Call quality on the Gen 5 is not a pleasurable experience, however. Crackles and hisses, which have been reported by other users, were a regular feature during our testing. This is a pretty glaring deficiency for such a vaunted feature. At times it was impossible to maintain a coherent conversation.
Texting on the other hand was a joy; the screen is big enough for comfortable data entry and the voice capability opens up the options for on the hoof messaging. Your phone can stay in your pocket for some operations, but not all.
Interplay with Spotify and podcast apps was good. Google Pay is available here too. The possibilities to incorporate the Gen 5 into a more connected home or lifestyle is certainly there. Saying that, connectivity was not constant in our time with it.
There were instances when connections were lost at random and the vaunted voice assistant didn‚Äôt always respond to even simple requests. When it did though, the interaction with calendar, agenda reminders and other voice activated apps and commands made it a really positive feature.
Ultimately, this feels like Wear OS as we've seen it before. There are some highlights, but on the whole it still has some horrible niggles that mean it's not the seamless smartwatch experience we pine for.
Fossil Gen 5 Smartwatch: Fitness & heart rate tracking
As on Fossil's Gen 4 watches, Google Fit is at the heart of all things fitness and sports tracking. Nike Run Club now also comes preinstalled, but you can of course make use of third-party apps found inside the Google Play Store. You've still got built-in GPS and a heart rate monitor here too, with the hope you'll find it a decent sports watch replacement.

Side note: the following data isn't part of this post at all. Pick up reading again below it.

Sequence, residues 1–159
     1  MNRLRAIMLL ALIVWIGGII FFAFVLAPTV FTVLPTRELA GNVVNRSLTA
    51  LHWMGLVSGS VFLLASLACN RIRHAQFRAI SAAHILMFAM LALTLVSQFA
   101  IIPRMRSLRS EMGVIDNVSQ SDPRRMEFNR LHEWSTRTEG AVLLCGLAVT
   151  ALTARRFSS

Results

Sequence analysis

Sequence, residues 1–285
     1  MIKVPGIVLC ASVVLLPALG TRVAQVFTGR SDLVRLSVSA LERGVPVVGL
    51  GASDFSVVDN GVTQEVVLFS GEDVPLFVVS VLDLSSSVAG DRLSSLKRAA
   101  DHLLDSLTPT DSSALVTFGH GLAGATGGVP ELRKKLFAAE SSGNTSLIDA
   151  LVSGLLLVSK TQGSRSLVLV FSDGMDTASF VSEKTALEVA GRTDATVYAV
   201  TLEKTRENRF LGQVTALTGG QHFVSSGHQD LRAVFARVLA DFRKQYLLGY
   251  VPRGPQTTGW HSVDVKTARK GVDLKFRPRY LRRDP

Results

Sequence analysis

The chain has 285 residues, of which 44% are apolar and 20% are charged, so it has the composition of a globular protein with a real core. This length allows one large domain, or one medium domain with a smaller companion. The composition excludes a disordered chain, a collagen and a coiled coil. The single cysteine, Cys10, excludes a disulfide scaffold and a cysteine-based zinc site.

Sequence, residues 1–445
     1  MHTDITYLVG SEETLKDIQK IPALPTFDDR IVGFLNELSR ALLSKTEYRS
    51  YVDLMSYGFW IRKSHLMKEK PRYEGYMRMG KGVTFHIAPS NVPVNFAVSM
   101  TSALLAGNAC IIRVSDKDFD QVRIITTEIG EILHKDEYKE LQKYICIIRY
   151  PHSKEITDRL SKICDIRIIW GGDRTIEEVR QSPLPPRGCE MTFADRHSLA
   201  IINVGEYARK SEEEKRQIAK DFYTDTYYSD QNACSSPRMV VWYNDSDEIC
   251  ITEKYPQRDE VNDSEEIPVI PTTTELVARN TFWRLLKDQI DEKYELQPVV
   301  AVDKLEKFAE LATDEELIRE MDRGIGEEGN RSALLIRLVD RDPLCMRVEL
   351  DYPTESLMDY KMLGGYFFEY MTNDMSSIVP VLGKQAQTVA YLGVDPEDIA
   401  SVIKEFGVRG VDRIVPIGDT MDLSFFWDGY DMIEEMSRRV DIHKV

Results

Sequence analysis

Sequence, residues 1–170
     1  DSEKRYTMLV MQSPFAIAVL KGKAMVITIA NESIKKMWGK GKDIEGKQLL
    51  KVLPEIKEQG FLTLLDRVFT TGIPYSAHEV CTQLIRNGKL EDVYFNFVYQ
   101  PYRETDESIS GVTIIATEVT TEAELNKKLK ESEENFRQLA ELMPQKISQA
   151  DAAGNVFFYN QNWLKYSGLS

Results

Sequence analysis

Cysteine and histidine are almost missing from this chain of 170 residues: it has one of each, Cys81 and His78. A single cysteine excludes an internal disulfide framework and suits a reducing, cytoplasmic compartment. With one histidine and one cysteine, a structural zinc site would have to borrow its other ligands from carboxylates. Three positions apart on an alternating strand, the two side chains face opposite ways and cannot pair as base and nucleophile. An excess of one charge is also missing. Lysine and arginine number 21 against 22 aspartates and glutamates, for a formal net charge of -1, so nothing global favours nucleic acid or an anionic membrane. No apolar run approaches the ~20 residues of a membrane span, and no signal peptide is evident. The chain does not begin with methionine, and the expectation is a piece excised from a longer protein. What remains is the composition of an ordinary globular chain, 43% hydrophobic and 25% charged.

Read this: Understanding your running watch stats
In our testing, it generally performed well. In practical terms, the silicone strap was suitable to wear during workouts after pushing that heart rate up. Yes, it's a fashion watch first, but it can handle getting sweaty too.
It kept pace with the connected GPS tracking skills on the Fitbit Charge 3. Mapped data in a mixed urban-open area didn't throw up any surprises, which is a marked improvement from what we found with the performance of Fossil's Gen 4 duo.
HR accuracy compared: Polar H10 chest strap (left) and Fossil Gen (right)
The heart rate monitoring was pretty consistent for a range of workouts and outdoor bike rides, though in some sessions against a Polar heart rate chest strap monitor it came up short in terms of accuracy.
The Gen 5 didn't pick up some of the heart rate spikes, then tended to exaggerate those spikes in other parts of the session. One session saw the chest strap record an average of 92bpm while the Gen 5 clocked the same session at 118bpm.
The results echo a lot of what we found with Fossil's last-generation smartwatches. They simply don't cut it for intense heart rate-based training.
Away from fitness, Fossil now pre-loads the heart health monitoring app Cardiogram, which can perform regular heart rate checks. Those checks all seemed consistent with chest strap readings, though there were instances when not being connected to a phone meant blank spots in the data.
Fossil Gen 5 Smartwatch: Battery life
Fossil‚Äôs claims of 24-hour battery life in the standard battery mode were backed up during our tests ‚Äď with a couple of caveats.
After a day of regular use and approximately 6.5 hours of sleep, the battery lasted the course. Night time heart monitoring is a useful feature to tap into, but the drain on the battery may leave you short if you favour early morning workouts. An hour was generally enough to get power levels back up to full.
Gen 5 now brings new battery saver modes, which come courtesy of Qualcomm's latest processor. These modes only power features when they are in use, while there's also a time-only setting that worked fine during 2.5 days of our time with it. With prudent charging this is a smartwatch with strong battery performance.
The magnetic ‚ÄėRapid‚Äô USB charger is easy to use and performed well. Simply align the pins on the charger with the sphere on the back of the watch and let magnetism and electricity take care of the rest.
- Attractive design
- Impressive voice interaction
- Solid fitness tracking
- Poor call quality
- Intermittent connectivity
- Slow to react to commands